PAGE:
Friday, September 11, 2009

Judge Rules on the Seinfeld Plagiarism Suit

Yesterday U.S. District Judge Laura Taylor Swain threw out the lawsuit Missy Chase Lapine brought against Jessica Seinfeld. Ms. Lapine alleged that Jerry Seinfeld's wife had plagiarized her cookbook.

Lapine's book--The Sneaky Chef: Simple Strategies for Hiding Healthy Foods in Kids’ Favorite Meals--was released April 4, 2007 by Running Press. Seinfeld's book--Deceptively Delicious: Simple Secrets to Get Your Kids Eating Good Food was released almost exactly six months later on October 5, 2007 by HarperCollins.

Both cookbooks became best-sellers, with sales probably helped by all the media fuss created by the lawsuit.

The Associated Press had this to say:
She (Judge Swain) called Lapine's book "a dry, rather text-heavy work" done predominantly in black, gray and shades of brownish-orange. She said Seinfeld's book was "bright and cheerful, full of different colors and various patterns." Consumers who looked at each book were unlikely to be confused, the judge said, tossing out trademark infringement claims.
Judge Swain refused to address Lapine's charge of libel (sic) against Jerry Seinfeld. She referred Lapine to the New York State Court to pursue that claim.

Seinfeld appeared on the David Letterman show about a year ago and spoke of the lawsuit. He said that his wife was being accused of a "Watergate-style break-in at HarperCollins" (Lapine's publisher).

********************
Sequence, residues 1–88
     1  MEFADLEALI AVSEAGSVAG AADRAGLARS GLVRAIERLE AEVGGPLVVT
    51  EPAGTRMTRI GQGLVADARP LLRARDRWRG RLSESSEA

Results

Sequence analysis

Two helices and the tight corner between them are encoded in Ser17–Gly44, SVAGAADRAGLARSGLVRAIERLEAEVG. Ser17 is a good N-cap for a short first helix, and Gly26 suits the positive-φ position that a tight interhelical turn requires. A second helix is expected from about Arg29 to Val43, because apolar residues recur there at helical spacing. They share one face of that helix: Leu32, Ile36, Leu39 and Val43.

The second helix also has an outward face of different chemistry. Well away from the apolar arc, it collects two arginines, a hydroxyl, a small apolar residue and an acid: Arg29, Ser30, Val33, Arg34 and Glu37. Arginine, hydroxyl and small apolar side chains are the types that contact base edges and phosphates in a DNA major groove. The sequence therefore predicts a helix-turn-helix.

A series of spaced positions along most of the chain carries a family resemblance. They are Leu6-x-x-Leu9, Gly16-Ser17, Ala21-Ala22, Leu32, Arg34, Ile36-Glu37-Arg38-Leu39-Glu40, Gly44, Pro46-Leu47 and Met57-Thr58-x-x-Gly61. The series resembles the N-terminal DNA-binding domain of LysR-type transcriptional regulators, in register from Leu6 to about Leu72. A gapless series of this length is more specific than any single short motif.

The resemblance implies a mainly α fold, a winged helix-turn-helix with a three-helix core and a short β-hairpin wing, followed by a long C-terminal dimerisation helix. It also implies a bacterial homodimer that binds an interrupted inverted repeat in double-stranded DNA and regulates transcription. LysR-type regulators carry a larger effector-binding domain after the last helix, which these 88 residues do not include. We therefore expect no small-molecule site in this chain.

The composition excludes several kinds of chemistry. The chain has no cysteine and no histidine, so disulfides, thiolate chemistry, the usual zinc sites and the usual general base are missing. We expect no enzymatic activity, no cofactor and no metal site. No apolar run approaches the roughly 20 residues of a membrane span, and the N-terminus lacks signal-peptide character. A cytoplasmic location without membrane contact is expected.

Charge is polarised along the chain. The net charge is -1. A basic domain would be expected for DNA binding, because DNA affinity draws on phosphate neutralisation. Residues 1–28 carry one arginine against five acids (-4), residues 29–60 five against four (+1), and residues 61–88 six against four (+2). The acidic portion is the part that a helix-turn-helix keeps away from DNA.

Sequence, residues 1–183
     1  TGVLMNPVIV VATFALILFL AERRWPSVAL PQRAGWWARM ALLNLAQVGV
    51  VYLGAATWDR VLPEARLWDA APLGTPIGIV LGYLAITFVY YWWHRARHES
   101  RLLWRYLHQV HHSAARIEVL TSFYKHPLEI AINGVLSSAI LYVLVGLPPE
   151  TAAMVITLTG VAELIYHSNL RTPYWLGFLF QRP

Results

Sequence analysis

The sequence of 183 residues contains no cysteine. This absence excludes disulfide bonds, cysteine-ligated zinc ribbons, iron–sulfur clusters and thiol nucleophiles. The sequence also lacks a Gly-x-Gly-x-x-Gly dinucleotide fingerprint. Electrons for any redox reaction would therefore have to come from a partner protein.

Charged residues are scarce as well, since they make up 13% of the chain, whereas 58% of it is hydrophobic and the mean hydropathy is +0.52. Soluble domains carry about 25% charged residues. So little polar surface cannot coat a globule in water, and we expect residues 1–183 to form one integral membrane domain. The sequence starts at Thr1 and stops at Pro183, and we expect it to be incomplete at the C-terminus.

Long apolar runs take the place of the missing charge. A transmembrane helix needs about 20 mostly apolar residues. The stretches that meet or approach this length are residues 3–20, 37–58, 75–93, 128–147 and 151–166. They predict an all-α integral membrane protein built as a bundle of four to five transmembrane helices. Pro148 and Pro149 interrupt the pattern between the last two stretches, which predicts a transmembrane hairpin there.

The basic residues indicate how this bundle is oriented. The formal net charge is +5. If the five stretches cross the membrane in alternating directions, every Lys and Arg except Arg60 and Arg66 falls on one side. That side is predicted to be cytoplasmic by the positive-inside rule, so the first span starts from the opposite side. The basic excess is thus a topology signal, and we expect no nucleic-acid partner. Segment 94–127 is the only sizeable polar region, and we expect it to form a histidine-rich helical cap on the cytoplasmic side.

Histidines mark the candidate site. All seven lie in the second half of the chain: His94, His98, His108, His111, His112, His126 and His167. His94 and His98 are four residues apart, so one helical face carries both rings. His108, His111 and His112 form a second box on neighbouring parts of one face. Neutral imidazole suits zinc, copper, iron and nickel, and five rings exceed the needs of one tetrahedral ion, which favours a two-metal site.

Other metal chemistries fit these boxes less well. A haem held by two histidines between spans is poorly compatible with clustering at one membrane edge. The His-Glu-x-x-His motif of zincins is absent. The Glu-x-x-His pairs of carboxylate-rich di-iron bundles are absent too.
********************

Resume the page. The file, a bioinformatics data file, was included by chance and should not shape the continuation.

Seinfeld went on to say, ". . . we're sorry that she is--you know--angry and hysterical and because she's a three-name woman, which is what concerns me. She has three names and--you know--if you read history, many of the three-named people do become assassins . . . Mark David Chapman."

You can listen to the segment on Letterman here.

Of course, the judge might have refused to hear the libel charge because she has a conflict of interest, also being a "three-name woman."

This morning's Publishers Lunch reported:
Lapine's lawyer Howard Miller tells the AP they will indeed refile those charges: "The claims against Jerry Seinfeld for defamation are still fully alive. Miller says that "claims against HarperCollins that the publisher misappropriated information from Lapine's book when it rejected her proposal in February and May 2006" will also continue.
To read the background on this case, go to my post of 10/21/07 here.


Michele Lee said...

Personally I think the situation is suspicious, but any editor will tell you they often get similar submissions. It is likely they were already in talks with Seinfield when Lapine queried them.

However, Seinfield's comments on Letterman were completely mean-natured and uncalled for.

Marian said...

I have to admit, I laughed at the three-name woman comment. It's just the kind of thing I'd expect from Seinfeld.